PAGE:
How's life in Hungary for you?

Hello there,

Can you share your experience with me about interacting with Hungarians while living and working in Hungary? I am not a journalist but it was interesting to read fluffy2560's post mentioning the dark side of the UK and I grew interested.. all he said was true in my opinion but the list did not include human interaction.

I am aware that your view of a strange land and its inhabitants is greatly influenced and formed by the circumstances you live in. Also, I don't believe in the myth spread among the Hungarians themselves that we are a highly vendégszerető/hospitable nation so any comment is appreciated and no offence will be taken.

Thanks,
Jozsef

Hi,

I think we are quite hospitable: all it takes is one friendly guy to stop and help a visitor in trouble out of the hundreds of people passing by.

Unfriendly people won't bother stopping to be unfriendly, so they don't matter.

Hostile people will only hurt local minorities, and they only come out at nights, so I hope they have little impact on the expat experience.

Confirmation bias is on our side this time :-)


But you are right, it would be best to hear about this from the horse's mouth :-)

Like joe said, no offence taken, enlighten us!

Generally (excluding war zones), I think almost all people (anywhere) are hospitable. After all we all human beings (ok, too idealistic but obviously true). The real issue is language and attitude. If one can speak the local language, then it breaks down barriers immediately. My experience is that the perception of friendliness is based upon understanding. An open mind (attitude) helps facilitate understanding.

For Hungarians and say, the British, we're all more alike than different.

fluffy2560 wrote:

Generally (excluding war zones), I think almost all people (anywhere) are hospitable. After all we all human beings (ok, too idealistic but obviously true). The real issue is language and attitude. If one can speak the local language, then it breaks down barriers immediately. My experience is that the perception of friendliness is based upon understanding. An open mind (attitude) helps facilitate understanding.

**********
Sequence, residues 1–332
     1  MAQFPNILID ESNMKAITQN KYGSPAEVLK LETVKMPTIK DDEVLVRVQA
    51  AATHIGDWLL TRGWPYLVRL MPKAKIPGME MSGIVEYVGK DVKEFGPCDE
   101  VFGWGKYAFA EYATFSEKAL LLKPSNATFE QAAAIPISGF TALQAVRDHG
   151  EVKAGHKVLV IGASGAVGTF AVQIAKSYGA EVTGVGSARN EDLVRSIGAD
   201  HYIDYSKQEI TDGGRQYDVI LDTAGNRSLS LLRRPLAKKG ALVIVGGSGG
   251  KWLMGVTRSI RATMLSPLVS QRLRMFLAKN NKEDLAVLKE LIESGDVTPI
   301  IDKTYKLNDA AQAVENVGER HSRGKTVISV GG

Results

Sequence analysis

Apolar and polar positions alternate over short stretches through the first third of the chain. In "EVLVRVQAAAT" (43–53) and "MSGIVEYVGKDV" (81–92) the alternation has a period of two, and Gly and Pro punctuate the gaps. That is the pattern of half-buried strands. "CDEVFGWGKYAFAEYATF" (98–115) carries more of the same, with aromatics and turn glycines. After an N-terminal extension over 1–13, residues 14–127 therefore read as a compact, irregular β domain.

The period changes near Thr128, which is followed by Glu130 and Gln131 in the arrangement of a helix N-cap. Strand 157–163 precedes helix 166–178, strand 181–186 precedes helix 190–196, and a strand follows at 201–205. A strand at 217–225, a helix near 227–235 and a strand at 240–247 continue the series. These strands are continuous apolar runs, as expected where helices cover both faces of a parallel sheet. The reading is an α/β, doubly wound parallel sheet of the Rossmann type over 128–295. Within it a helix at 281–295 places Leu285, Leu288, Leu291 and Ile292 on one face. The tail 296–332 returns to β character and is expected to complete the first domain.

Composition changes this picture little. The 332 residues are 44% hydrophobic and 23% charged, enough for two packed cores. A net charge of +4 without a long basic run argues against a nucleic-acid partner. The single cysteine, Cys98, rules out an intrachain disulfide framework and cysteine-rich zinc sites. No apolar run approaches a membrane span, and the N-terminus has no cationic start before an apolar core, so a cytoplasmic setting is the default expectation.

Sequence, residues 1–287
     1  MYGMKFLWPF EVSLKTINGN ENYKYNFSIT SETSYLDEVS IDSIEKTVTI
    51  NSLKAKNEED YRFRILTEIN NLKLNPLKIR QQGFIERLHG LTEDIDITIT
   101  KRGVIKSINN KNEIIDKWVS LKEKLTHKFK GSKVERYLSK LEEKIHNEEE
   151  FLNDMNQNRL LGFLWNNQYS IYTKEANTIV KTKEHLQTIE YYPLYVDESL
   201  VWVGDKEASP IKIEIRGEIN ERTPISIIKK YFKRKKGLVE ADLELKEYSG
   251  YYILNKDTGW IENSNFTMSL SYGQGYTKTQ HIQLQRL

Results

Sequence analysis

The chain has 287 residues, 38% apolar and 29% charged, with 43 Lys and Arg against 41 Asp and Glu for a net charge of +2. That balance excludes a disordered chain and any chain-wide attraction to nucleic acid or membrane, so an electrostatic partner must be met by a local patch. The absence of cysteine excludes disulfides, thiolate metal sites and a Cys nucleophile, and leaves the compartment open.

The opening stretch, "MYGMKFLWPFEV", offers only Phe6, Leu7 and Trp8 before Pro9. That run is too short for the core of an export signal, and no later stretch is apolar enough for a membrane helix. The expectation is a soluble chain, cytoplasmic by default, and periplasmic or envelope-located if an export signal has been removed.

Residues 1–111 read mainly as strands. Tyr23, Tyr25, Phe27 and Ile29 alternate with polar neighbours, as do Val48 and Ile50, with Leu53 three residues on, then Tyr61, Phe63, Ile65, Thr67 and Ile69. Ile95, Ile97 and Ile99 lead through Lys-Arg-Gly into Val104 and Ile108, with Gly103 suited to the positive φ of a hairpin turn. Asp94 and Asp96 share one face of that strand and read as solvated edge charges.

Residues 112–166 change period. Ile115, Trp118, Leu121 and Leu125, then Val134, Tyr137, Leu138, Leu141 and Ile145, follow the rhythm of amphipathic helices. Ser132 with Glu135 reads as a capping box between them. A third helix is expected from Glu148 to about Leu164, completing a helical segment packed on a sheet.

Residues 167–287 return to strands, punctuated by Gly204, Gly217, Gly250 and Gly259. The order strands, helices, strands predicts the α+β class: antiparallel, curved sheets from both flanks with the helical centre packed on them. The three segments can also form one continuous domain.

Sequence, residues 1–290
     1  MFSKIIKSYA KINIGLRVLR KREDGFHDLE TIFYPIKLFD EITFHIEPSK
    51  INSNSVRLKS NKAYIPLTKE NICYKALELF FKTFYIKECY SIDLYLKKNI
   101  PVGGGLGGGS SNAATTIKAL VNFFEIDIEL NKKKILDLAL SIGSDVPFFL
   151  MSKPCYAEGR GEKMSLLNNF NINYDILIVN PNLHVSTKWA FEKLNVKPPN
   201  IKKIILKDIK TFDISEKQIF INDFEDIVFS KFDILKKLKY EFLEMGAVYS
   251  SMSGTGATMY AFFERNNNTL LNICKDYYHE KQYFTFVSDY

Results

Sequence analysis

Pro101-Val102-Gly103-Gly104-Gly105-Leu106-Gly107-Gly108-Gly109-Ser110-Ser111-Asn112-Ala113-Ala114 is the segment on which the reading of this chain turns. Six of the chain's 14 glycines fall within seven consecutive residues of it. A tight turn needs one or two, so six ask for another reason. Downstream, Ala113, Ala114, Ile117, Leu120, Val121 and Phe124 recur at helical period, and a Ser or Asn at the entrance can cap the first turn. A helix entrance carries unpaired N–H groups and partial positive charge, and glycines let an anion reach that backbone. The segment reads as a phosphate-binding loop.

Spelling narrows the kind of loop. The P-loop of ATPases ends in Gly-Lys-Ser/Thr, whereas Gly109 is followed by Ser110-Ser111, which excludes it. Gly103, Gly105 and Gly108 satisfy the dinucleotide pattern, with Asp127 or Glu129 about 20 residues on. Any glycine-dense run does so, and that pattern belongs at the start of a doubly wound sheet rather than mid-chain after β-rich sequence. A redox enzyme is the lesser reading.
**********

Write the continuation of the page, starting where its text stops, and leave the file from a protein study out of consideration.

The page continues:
For Hungarians and say, the British, we're all more alike than different.

Thank you fluffy2560 for your reply (and szöcske, too)! Have you ever felt that you were treated positively here because of your nationality? I mean, are you sure that you would have had the same perception if you were a different national, say Romanian? Please don't take my response as a challenge, it is just curiosity. I used to discuss with other foreigners a lot while living abroad and I kind of miss that..

joe1973 wrote:

... Have you ever felt that you were treated positively here because of your nationality? I mean, are you sure that you would have had the same perception if you were a different national, say Romanian? ..

Yes, I have experienced that but not here in HU. When I lived in another country not very far away, I was a curiosity for the neighbours and introduced as "British" at various social gatherings. After a time, they realised I was more or less just the same as them except speaking English and their interest diminished somewhat (or was I just that boring?). I could have told them them I was not that exotic at the beginning. Perhaps I was just a novelty they got used to. I don't know.

Not being a Romanian, hard to say. However, I expect there's quite a difference in the way Hungarians treat them. I think it's a matter of familiarity. In the UK for example, the majority of people have no contact with Eastern Europeans and no pre-conceived ideas of their behaviour or culture.